Looking back on the assignments that I developed for my classes, I’m surprised at how detailed and lengthy they are. They are a bit out of control, even for me. And that’s saying something.
For example, I created a pdf of all of the required assignments for my Feminist Debates (fall 2011) course that is 9 pages long. 9 pages of detailed directions.
Why did I do this to my students?
Pondering that question for a moment, I remembered one of the earliest feminist pedagogical principles that I adopted as a women’s studies grad student, teaching one of my first courses. In a feminist classroom, students encounter new ideas that challenge their ways of knowing. And they are encouraged to not passively receive the answer from the Teacher, but actively explore how and why knowledge is produced. This is unsettling and troubling, even as it is often exciting and transformative. Students can benefit from structure to direct these new ways of learning, thinking and teaching.
Without structure, students can become overwhelmed and lose their way. So can teachers. Left unchecked, without some sort of structure to guide me or rein me in, my thinking and teaching becomes too much…for students, friends, family members and, at a certain point, me.
In reviewing old teaching materials, from syllabi to class summaries to in-class assignments to big class projects, I see structure everywhere. A highly ordered syllabus. Class summaries that are broken up into very specific parts, to be completed within exact amounts of class time…10 minutes for announcements, 20 minutes for an introduction to the topic, 20 minutes for small group, etc. And detailed assignments that encourage students to find their own ways to challenge and connect with class concepts, but that ground those challenges and connections in focused (and directed) methods.
Ah yes, the assignments. A primary way in which I imposed structure within the classroom was through highly choreographed assignments. And the primary way in which I communicated and managed that structure was through my detailed directions for those assignments.
Lots of Directions.
While I was always reluctant to introduce a lot of specific classroom rules—I strongly dislike disciplining students or crafting spaces marked by what you can’t or shouldn’t do, I never shied away from detailed directions on assignments. Why?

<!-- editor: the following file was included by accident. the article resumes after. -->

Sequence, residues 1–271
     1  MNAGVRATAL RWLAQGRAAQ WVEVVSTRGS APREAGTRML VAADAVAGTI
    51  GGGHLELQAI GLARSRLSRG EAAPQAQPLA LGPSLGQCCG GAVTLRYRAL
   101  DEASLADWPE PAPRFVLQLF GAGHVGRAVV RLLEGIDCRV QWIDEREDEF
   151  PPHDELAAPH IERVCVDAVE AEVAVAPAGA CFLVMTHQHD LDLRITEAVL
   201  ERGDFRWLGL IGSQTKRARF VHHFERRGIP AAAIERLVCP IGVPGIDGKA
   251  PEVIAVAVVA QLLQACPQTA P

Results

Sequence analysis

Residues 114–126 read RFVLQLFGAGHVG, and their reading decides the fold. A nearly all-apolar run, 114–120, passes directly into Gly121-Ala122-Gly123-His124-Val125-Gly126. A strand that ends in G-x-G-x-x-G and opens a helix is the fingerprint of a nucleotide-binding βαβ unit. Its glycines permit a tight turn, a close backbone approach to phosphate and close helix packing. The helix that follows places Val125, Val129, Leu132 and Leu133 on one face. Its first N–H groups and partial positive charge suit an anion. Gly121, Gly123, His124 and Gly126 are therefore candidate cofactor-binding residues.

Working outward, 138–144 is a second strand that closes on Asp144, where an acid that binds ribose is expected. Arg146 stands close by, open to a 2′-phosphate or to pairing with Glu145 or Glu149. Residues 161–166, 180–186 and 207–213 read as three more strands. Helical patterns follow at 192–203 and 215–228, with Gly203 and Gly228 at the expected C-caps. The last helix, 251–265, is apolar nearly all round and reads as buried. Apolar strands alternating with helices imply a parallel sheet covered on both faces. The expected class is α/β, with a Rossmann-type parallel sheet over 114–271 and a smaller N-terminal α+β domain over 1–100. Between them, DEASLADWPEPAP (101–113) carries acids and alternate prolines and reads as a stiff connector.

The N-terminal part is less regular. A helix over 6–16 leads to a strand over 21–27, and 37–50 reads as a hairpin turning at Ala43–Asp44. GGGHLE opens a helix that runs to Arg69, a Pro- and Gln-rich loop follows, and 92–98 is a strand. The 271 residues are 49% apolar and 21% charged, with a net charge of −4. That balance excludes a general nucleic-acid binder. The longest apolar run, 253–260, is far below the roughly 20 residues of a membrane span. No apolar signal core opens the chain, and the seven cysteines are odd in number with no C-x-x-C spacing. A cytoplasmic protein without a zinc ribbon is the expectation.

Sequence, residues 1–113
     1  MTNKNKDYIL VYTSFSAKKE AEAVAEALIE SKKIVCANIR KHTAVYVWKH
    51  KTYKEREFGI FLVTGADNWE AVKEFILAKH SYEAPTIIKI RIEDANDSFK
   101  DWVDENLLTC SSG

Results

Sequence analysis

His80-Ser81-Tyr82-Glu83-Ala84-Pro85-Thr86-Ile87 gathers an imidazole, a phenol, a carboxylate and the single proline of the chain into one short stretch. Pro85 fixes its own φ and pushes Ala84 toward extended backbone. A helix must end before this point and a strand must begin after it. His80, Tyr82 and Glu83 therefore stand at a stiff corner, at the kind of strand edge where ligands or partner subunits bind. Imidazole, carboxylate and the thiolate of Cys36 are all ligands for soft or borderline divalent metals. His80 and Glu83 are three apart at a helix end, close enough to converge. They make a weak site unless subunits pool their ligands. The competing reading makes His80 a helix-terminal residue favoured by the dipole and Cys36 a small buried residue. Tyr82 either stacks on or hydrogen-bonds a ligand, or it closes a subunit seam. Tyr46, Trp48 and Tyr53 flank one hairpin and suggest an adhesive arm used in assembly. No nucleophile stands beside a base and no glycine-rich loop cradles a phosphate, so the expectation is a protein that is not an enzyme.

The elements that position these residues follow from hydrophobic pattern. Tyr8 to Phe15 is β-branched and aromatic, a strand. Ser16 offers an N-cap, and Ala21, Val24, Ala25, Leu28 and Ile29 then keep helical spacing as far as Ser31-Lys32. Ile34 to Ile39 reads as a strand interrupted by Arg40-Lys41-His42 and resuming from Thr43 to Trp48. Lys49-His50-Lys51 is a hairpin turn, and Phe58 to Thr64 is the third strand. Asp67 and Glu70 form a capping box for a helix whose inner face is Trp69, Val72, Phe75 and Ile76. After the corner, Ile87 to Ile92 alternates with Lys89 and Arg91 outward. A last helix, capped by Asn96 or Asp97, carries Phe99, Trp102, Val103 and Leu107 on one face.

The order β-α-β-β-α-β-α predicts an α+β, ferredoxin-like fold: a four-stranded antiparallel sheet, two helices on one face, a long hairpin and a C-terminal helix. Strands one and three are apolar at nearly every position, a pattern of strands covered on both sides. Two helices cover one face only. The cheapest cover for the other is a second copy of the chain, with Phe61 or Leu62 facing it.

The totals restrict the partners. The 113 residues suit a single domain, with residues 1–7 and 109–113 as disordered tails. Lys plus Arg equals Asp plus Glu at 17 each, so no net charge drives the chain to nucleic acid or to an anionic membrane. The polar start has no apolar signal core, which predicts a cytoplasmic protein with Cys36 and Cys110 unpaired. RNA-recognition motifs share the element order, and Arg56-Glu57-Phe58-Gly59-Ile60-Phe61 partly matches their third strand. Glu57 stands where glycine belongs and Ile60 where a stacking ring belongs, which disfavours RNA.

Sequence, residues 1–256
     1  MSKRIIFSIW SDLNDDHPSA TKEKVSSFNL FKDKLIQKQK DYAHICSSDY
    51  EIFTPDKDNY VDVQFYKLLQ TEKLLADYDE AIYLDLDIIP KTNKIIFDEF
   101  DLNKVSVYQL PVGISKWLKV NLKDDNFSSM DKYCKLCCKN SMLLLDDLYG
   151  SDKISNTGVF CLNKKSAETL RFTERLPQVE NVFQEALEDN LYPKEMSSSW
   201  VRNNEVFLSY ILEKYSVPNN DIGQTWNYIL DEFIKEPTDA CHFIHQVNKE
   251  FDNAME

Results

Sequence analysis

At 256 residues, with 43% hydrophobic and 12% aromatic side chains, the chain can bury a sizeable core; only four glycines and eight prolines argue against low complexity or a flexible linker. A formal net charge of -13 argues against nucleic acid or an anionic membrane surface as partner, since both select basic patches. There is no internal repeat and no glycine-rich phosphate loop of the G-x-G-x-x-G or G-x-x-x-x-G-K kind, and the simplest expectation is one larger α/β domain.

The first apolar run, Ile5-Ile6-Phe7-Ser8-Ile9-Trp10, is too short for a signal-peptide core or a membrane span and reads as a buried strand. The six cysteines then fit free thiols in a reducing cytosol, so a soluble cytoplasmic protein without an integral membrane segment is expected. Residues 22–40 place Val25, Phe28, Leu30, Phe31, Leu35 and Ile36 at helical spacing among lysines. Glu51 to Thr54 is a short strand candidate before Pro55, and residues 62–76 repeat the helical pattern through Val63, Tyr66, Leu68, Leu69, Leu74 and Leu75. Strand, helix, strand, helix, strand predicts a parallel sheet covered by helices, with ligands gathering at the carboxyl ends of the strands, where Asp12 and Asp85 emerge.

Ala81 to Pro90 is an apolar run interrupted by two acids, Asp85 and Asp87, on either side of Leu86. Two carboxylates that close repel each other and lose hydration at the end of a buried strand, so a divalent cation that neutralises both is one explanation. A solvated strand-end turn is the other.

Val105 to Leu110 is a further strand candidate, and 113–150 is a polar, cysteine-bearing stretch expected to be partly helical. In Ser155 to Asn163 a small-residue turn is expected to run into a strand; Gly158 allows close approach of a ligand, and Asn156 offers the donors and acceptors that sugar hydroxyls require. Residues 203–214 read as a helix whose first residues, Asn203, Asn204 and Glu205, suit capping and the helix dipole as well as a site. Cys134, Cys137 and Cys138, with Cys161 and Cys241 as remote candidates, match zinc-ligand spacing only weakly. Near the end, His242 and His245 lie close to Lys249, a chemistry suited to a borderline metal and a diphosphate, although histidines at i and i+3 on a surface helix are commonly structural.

- To anticipate and preemptively answer basic questions about the assignment (when it’s due, does it need to be typed, etc).
- To manage/direct flow of engagement, especially online.
- To break up intimidating/difficult/overwhelming assignments into manageable parts for students and the Teacher.
- Because it feeds my love for elaborate planning–the more thinking through that it requires, the better! Is that bad?
As my teaching became more experimental and involved efforts to challenge/resist/transgress academics-as-usual through the blending of online and offline spaces, my directions became more detailed. I made them more detailed partly because using blogs and twitter effectively requires a lot of thought and deliberate action–without guidance, students often won’t post much or will post a lot but all at once or will frequently post uncritical, superficial junk. Note
And I made them detailed because I needed some ways to manage and mitigate the resistance that some (not all) students (consciously and unconsciously) were expressing to these experiments. Resistance to new ways of engaging. And resistance to the extra work and learning that these new ways demanded.
Was it too much? Possibly.
Overwhelming? You bet.
Helpful in directing the flow? At least sometimes.
Unruly and disorganized? No.
It didn’t bother me when a student complained that my directions and assignments were complicated and challenging. They were. I liked pushing at the limits of what might be possible in a classroom. And I liked using directions to help guide that limit-pushing. But I would get very annoyed when a student suggested, which only occasionally happened, that I was disorganized or unprepared. Disorganized and unprepared? More like too organized and over-prepared!
Return to Mutation 3